https://www.telegraph.co.uk/shamima-begum/

  20. avatar
    Tony

    Don’t judge the past with the eyes and values of today. What has been done is done. Look to the future and stop trying to modify the past. People going hungry in Europe and here we are worried about things from hundreds of years ago.

  21. avatar
    Kahraman Marangoz

    How Europe should confront it’s colonial past?
    Hole Europe should together confront this past to be united that it is of the past and not of the Europe of today. Together confronting brings more equal minded Europeans together. Europeans from all colours, Europeans from all different backgrounds. Together confronting is how I think Europe should deal with it’s colonial past, that can be done with holding a week or long an event where attention is given to this subject.

  22. avatar
    maskedman

    The Europeans who have a colonial past are still living in the past. Do not forget that the colonization of the Americas, Africa and Australia was triggered by the invasion of the Ottoman Turks in Europe.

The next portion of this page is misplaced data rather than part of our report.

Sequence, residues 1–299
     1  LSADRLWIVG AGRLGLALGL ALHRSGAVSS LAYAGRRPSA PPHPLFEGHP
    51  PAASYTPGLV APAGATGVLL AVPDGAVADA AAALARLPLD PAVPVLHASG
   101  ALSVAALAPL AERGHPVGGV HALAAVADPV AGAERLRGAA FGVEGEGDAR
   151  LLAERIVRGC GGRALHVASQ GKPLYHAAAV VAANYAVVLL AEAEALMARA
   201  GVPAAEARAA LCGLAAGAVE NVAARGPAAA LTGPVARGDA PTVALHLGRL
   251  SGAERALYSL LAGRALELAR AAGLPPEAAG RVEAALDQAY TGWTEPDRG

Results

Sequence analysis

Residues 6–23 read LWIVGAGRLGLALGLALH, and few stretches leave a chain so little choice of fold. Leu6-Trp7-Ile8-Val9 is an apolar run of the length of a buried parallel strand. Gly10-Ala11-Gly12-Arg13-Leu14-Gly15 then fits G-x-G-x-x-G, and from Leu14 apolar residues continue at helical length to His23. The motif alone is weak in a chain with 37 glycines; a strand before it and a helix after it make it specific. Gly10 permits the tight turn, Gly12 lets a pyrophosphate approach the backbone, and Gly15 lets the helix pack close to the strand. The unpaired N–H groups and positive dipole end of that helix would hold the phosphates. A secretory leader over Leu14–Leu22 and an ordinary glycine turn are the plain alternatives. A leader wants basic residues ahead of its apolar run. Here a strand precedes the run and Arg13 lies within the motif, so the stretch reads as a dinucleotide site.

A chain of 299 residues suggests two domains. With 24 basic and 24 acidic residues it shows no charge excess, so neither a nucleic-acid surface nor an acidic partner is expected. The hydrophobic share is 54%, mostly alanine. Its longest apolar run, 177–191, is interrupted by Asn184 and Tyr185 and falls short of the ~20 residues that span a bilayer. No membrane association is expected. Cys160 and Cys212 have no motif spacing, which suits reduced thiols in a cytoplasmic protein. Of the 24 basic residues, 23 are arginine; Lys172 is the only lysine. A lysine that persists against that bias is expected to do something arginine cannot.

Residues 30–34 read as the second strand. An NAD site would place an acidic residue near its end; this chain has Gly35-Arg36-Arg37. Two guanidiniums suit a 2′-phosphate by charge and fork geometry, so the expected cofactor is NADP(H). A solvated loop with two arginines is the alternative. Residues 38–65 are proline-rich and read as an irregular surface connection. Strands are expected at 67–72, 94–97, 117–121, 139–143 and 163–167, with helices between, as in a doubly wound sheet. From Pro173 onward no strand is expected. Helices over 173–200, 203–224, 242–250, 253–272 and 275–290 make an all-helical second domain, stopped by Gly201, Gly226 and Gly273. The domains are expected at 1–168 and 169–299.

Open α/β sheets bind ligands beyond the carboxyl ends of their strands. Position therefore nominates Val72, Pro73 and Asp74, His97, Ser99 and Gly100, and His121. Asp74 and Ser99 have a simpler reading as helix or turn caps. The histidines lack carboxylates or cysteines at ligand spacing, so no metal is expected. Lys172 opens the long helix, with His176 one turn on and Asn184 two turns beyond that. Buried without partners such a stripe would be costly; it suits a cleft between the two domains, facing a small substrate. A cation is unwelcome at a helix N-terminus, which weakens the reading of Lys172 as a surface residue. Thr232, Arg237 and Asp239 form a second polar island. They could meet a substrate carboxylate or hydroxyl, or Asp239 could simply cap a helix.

The Europeans should be ashamed that Constantinople or (Istanbul) which was an ancient Byzantine Greek city was left to be captured and looted by the Muslim Turkish Invaders. This is just so unfair. Rome is free, but Constantinople is surrounded by Mosques. All of the Christian world should be ashamed by this.

    The second Roman empire was slayed by the Moslem barbarians such as the Turks. I thought that Christianity and Jesus Christ meant something to the European civilization and to all Christians. This is the reason why Europe had to colonize. Some European counties, because of this still live in the past.

Your email will not be published

Leave a Reply

Your email address will not be published.

Notify me of new comments. You can also subscribe without commenting.

This site uses Akismet to reduce spam. Learn how your comment data is processed.

By continuing to use this website, you consent to the use of cookies on your device as described in our Privacy Policy unless you have disabled them. You can change your cookie settings at any time but parts of our site will not function correctly without them.